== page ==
Q4. How did France’s neighbours respond to the French revolution and the resultant changes in French political system? Describe the conditions leading to rising of Napolean Bonaparte and his military conquests.
Every government in Europe was based on privilege. France had destroyed feudalism and monarchy and founded new institutions based on liberty and equality, whereas in neighboring countries the old way of life remained. If these ideas were applied, the entire old order of Europe would be destroyed.
Fearing the spread neighboring countries issued the Declaration of Pillnitz, which insisted that the French return Louis XVI to the throne. French leaders interpreted the declaration as hostile, so the Girondin-led assembly declared war on Austria and Prussia.
The people of France were soon involved in a war to defend the Revolution and the nation. Many nobles and clerics fled the country and encouraged foreign governments to intervene in France against the Revolution. The king and queen tried to escape from France but were brought back as captives and traitors.
The old National Assembly was replaced by a Legislative Assembly. This Assembly took over the property of those people who had fled. It sent word to the Austrian emperor, who was mobilizing support against France to renounce every treaty directed against the French nation. When the emperor refused, the Legislative Assembly declared war.
Soon France was fighting Austria, Prussia, and Savoy in Italy. The three were supported by an army of the French exiles. This was followed by a declaration of war against Britain, Holland, Spain and Hungary. The French revolutionaries offerred ‘fraternity and assistance’ to all people wishing to destroy the old order in their countries.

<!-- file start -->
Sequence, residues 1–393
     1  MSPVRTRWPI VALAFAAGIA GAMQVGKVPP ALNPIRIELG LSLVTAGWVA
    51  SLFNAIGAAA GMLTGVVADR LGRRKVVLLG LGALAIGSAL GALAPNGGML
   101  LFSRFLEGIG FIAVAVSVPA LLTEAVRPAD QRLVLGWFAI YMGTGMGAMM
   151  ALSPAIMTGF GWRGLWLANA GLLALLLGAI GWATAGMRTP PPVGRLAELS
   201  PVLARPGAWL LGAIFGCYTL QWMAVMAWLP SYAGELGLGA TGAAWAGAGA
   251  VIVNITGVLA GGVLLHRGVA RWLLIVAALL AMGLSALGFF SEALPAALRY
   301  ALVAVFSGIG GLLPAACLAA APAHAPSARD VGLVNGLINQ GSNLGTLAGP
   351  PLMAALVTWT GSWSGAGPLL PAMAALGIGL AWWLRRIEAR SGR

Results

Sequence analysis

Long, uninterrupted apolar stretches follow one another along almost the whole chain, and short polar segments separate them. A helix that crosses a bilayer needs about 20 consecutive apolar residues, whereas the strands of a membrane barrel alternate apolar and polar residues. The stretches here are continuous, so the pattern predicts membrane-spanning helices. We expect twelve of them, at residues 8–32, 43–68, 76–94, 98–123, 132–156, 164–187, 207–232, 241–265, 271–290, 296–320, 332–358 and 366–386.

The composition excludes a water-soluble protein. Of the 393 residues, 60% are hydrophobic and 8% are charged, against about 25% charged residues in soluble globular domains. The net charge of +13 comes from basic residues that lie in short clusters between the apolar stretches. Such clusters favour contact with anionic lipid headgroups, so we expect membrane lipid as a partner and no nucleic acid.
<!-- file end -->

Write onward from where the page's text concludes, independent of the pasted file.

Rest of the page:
From 1792 to 1815, France was engaged in war almost continuously. It was a war between France and other states. Some historians have termed it as an international civil war because it was fought between revolutionary France and countries upholding the old order. In this war, France fought alone. Until Napoleon became emperor, almost every enlightened person in the world sympathized with the French Revolution.
The conditions leading to rising of Napolean Bonaparte and his military conquests.
The execution of Jacobin leader Robespierre saw governmental restructuring leading to the new Constitution of 1795 and a significantly more conservative National Convention. To control executive responsibilities and appointments, a group known as the Directory was formed.
On the military front Committee of Public Safety’s war effort was realizing great success. French armies, especially those led by young general Napoleon Bonaparte, were making progress in nearly every direction. Between 1793 and 1796 French armies conquered almost all of Western Europe. When Napoleon pressed on to Malta, Egypt and Syria (1797-99), the French were ousted from Italy.
He arrived in time to lead a coup against the Directory in 1799, eventually stepping up and naming himself “first consul”—effectively, the leader of France. With Napoleon at the helm, the Revolution ended, and France entered a fifteen-year period of military rule.
After Napoleon seized power, France recovered the territories she had lost and defeated Austria in 1805, Prussia in 1806, and Russia in 1807. On the sea the French could not score against the stronger British navy.
Finally, an alliance of almost all Europe defeated France at Leipzig in 1813. These allied forces later occupied Paris, and Napoleon was defeated. His attempt at recovery was foiled at the battle of Waterloo in June 1815. The peace settlement, which involved all Europe, took place at the Congress of Vienna. After the defeat of Napoleon, the old ruling dynasty of France was restored to power. However, within a few years, in 1830, there was another outbreak of revolution. In 1848, the monarchy was again overthrown though it soon reappeared. Finally, in 1871, the Republic was again proclaimed.
Napoleon’s rise to power was a step backward. However, though he destroyed the Republic and established an empire, the idea of the republic could not be destroyed.